Transparency with the public should be the goal of any government agency, especially one that handles public health matters during a pandemic. But it was something of a rough week on that front for the Iowa Department of Public Health.
This past week, a former department spokeswoman resigned after being asked by the director to quit or be fired. In her exit, she told reporters she believes the department is being guarded and slow in providing information to reporters about the new coronavirus pandemic.
And last week the department also said it would need to charge a media outlet almost $10,000 for records pertaining to its pandemic response.
Those actions alone do not discredit the department’s expansive public information work during the pandemic. Indeed, the COVID Tracking Project’s grading system for state pandemic public information efforts gives Iowa an A+, one of 17 states to earn that.
But these two latest bits of news do give the department something of a public information black eye at an inopportune time: Iowa’s cases are rising again, nearly matching the previous, early-May peak, and deaths and hospitalizations are also on the rise.
Polly Carver-Kimm, who had served as the state public health department’s lead spokeswoman for 12 years — through three governors, including two Republicans and a Democrat — told the Des Moines Register she was asked by outgoing department director Gerd Clabagh to resign or be fired.
She told the Register she believes she was asked to leave partly because she was too willing to provide pandemic response information to reporters. She also alleged the governor’s staff has required all public health media requests to be run through the governor’s office.
“I am embarrassed and saddened by the way the media has been treated during COVID. You are not receiving timely answers and you are getting scripted talking points when you do get an answer,” Carver-Kimm wrote in an email to the Register.
Amy McCoy, who was brought into the department in March to take the lead on pandemic communication with reporters, said Clabagh told Carver-Kimm that the department is planning changes in the structure of communications staff.
McCoy also defended the department’s pandemic communication efforts.
“While we cannot comment on personnel matters, we can share the following: Transparency is critical in our response to the COVID-19 pandemic,” McCoy said in an emailed statement. “The Iowa Department of Public Health has gone above and beyond to provide up-to-date and comprehensive information throughout the pandemic. These efforts have included participating in regular press briefings, constant communication with media and continuous improvement on how we report data and provide information. We value the role media plays in the state’s efforts to get information to the public, and intend to continue a strong partnership.”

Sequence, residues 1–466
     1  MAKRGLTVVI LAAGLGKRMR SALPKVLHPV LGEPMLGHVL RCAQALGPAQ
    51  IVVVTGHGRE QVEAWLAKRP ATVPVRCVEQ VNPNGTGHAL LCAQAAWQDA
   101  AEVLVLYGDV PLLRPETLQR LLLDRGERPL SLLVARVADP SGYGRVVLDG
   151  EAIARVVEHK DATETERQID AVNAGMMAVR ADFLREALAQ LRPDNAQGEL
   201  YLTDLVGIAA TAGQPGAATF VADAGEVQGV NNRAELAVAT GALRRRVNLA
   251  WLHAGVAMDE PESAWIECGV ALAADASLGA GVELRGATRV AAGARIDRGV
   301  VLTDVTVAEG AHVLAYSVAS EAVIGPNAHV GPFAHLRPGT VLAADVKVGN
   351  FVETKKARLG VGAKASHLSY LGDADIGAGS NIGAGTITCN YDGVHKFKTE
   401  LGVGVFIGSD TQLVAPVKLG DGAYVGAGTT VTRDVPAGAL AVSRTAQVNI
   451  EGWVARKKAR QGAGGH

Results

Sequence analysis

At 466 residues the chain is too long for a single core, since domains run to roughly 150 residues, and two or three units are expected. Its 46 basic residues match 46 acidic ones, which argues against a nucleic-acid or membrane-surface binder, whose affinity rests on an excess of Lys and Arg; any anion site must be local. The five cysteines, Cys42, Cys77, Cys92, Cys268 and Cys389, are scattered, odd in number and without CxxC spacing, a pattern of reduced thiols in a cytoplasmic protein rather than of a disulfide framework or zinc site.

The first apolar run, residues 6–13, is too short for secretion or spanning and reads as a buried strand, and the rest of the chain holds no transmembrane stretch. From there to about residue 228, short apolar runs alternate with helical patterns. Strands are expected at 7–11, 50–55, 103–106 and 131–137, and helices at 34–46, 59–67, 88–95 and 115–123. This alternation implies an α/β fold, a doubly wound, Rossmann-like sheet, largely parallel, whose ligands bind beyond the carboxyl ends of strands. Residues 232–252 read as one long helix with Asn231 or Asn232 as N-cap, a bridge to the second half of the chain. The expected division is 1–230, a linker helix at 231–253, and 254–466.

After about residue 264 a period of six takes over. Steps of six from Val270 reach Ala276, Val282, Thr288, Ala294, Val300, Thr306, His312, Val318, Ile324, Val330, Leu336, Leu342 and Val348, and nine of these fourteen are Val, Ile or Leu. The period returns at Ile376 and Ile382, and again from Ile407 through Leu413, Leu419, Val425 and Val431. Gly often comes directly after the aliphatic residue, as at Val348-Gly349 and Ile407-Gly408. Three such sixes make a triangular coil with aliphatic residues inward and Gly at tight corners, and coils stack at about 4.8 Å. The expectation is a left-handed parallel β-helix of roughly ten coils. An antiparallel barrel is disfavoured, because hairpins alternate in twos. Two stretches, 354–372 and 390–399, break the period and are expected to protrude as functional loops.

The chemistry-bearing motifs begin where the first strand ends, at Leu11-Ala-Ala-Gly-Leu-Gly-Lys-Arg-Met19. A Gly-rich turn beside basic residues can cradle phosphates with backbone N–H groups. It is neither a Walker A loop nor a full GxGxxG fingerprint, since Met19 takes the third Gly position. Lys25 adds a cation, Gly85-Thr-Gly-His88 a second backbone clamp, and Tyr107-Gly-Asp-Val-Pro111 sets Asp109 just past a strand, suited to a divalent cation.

The nearly $10,000 price tag for a records request is not a good look, either. It suggests a high-priced obstacle to media’s attempts to learn how state government is operating — again, especially in a public health department during a pandemic.
The Iowa Capital Dispatch asked for written communications between state epidemiologist Dr. Caitlin Pedati and the federal Centers for Disease Control and Prevention, top state public health administrators and the governor’s office during April and May. The public health department estimated fulfilling the request would require 152 hours of labor at a rate of $65.09 per hour, for a total of $9,893.68, the Dispatch reported.
McCoy said the department, like others, uses a mathematical formula to determine the cost of records requests and will work with media outlets to reduce costs by narrowing requests. She said the costs are driven by the amount of work it takes to find the content, have a lawyer examine it for any confidential information and then provide the information to the media outlet.
McCoy said requests for public records can require “a tremendous amount of work” and that they sometimes do not serve a purpose for the state’s business.
One could argue, however, that being transparent should be a primary purpose for the state’s business.
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Erin Murphy covers Iowa politics and government. His column appears Monday in The Gazette. His email address is email@example.com. Follow him on Twitter at @ErinDMurphy.
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